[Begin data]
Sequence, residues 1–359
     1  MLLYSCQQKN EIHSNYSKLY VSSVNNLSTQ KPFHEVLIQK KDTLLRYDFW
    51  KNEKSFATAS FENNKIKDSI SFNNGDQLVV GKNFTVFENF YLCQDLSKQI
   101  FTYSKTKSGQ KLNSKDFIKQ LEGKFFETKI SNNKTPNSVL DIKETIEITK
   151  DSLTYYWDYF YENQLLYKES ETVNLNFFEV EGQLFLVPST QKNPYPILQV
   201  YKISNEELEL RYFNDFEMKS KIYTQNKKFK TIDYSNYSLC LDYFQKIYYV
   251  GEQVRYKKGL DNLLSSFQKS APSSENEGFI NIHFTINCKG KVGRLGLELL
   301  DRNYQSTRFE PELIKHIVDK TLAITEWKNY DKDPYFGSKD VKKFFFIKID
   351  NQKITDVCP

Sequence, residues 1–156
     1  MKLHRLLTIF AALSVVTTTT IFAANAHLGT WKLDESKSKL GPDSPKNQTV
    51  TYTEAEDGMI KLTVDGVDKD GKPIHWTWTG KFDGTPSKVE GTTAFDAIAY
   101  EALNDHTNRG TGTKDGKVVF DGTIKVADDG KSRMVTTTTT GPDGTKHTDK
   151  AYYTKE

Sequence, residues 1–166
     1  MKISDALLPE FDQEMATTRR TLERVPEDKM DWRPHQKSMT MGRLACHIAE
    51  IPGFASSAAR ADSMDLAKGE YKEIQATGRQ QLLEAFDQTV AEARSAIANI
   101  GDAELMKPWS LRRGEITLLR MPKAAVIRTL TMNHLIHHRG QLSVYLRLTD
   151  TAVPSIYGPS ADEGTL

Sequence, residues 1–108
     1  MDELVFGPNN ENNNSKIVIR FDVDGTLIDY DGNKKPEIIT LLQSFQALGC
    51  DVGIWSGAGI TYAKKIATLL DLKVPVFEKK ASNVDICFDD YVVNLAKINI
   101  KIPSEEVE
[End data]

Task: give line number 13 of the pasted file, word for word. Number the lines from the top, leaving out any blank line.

   101  EALNDHTNRG TGTKDGKVVF DGTIKVADDG KSRMVTTTTT GPDGTKHTDK